The Portland State campus was quieter than usual yesterday, savefor the hushed murmurs of “Bush” and “Kerry” over cell phones orbetween groups of friends.
When news of Sen. John Kerry’s concession to George W. Bushbegan to spread through campus yesterday morning, the campus tookon a solemn tone.
“I haven’t seen any place so somber and quiet as this placetoday,” student Rebecca Cornwall said.
PSU has had a flurry of political activity over the past fewweeks. The sudden absence yesterday of the largely anti-Bushcampaign noise offered a stark contrast to the days before.
Many students stayed up into the dawn hours to watch the resultscome in, and still made it to class in the morning. As the finaloutcome appeared certain, emotions ran high as people struggled tomove from disappointment to acceptance. Concerned students could beseen huddling around the television in Smith Memorial StudentUnion, reading newspapers and, in some cases, even crying.
“I think overall I had a feeling he [Bush] was going to win,”student Catherine Mayfield said. “But when it actually happened itwas kind of depressing.”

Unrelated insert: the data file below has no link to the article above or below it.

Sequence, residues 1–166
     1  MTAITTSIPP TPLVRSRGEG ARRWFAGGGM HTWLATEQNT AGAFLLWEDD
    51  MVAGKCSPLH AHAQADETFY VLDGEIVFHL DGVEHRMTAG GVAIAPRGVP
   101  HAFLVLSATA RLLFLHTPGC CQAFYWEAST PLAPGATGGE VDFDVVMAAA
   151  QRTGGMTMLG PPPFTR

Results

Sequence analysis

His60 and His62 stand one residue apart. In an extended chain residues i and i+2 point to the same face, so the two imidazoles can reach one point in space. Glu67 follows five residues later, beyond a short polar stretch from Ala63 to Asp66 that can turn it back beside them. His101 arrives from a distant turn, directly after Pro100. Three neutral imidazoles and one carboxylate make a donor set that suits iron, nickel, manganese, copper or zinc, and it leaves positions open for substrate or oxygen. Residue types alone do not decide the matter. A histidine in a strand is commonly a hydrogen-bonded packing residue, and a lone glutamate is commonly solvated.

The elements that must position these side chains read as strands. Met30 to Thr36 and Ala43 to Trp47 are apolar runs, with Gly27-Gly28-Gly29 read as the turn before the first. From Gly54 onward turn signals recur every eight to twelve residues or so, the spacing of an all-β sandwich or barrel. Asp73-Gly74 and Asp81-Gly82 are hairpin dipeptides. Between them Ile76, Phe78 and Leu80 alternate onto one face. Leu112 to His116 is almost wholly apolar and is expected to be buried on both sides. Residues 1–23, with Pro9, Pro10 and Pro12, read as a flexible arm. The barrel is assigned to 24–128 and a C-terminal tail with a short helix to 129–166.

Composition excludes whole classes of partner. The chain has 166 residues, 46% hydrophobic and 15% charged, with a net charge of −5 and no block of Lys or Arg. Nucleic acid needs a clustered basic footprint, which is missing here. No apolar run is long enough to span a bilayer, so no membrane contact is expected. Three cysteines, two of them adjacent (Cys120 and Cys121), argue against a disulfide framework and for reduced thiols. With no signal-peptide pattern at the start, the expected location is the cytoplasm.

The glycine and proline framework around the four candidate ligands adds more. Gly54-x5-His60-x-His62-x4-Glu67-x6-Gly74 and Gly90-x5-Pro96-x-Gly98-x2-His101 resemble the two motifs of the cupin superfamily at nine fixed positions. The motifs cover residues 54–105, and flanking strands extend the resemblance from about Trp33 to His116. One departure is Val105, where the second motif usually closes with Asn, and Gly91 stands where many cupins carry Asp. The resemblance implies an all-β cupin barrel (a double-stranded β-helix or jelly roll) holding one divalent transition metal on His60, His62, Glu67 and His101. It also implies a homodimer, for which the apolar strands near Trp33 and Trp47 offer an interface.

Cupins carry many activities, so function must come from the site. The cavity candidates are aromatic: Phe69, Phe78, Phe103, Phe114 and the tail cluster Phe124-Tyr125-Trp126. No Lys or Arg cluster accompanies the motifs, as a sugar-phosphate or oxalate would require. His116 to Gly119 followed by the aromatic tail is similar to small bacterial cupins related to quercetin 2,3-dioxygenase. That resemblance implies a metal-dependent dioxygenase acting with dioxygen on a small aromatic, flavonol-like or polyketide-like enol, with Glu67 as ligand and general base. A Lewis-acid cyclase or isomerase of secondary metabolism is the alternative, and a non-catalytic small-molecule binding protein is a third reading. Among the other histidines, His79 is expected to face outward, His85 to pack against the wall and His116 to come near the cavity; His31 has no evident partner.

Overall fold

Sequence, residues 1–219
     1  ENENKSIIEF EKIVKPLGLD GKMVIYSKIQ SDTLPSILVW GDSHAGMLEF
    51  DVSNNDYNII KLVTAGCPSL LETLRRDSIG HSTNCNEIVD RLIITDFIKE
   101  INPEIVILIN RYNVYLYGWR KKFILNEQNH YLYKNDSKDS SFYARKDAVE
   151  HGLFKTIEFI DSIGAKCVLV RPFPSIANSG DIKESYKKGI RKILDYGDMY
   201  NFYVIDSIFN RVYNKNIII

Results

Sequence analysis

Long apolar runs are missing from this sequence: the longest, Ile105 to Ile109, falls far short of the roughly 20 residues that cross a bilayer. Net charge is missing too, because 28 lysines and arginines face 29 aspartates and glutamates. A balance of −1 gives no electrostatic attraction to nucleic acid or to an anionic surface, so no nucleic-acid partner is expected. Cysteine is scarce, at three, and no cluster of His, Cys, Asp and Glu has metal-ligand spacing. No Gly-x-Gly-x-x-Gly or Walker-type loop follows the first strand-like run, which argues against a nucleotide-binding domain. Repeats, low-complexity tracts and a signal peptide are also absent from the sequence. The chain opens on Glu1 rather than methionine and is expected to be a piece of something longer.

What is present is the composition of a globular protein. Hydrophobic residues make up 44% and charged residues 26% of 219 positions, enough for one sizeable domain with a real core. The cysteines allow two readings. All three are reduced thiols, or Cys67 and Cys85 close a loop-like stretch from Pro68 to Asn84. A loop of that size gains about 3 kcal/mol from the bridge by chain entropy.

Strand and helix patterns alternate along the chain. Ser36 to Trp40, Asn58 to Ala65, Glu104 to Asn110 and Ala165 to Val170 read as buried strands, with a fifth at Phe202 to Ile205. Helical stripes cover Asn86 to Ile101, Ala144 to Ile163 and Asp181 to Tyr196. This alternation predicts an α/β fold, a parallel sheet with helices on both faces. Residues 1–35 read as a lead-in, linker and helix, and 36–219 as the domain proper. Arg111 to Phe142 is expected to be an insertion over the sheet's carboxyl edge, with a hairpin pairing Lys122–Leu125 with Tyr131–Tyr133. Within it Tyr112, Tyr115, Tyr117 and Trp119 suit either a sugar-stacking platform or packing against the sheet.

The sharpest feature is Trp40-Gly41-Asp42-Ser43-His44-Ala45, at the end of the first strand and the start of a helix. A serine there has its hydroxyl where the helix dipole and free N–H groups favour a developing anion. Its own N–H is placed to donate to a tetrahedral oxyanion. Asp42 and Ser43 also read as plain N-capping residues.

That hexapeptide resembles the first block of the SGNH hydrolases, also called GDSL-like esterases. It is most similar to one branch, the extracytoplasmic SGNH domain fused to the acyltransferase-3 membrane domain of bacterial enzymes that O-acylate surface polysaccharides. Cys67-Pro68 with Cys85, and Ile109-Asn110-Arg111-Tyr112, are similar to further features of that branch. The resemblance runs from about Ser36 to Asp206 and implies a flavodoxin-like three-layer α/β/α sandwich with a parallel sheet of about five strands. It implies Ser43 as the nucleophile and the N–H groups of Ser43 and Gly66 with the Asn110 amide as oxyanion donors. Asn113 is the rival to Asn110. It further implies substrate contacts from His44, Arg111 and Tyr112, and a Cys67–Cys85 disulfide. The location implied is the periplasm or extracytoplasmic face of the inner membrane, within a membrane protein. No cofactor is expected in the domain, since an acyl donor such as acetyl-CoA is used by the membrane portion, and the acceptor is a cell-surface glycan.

“I’ve gone through all the stages of grief,” Cornwall said. “Atfirst I was really sad, and then I felt helpless.”
“I was more than a little disappointed,” student Doug Harveysaid. “People really had a lot of hope for this election and theidea of change … I think there’s a lot of bummed people outthere.”
Many students sought solace in their friends and like-mindedclassmates around campus after hearing the election results.
Mayfield listened to Kerry’s concession speech with otherstudents in her painting class yesterday morning and said that sheand other students discussed the outcome afterward.
“I was glad to be here where everyone is talking about it,” shesaid.
Cornwall, who is from Alabama, said that she felt lucky to be ina place where many people share her political outlook.
“I’m so glad I’m here with other people that are upset,” shesaid. “It’s good to be in a [Democratic] state.”
Although they were disappointed, many students also tried tofind some positive aspects in the outcome.
Cornwall said that she took comfort in the knowledge thatefforts in Oregon to turn out democratic voters were mostlysuccessful.
“I know we did all we could here,” she said.
Before the election, Cornwall worked as a campus coordinator forVoteMob, a group aimed at increasing young voter turnout, also saidthat she is more motivated than ever to get politically active andhopes the results will get other people motivated, too.
“The positive spin is that he [Bush] cannot run again,” Harveysaid. “The question is, who will run in his place?”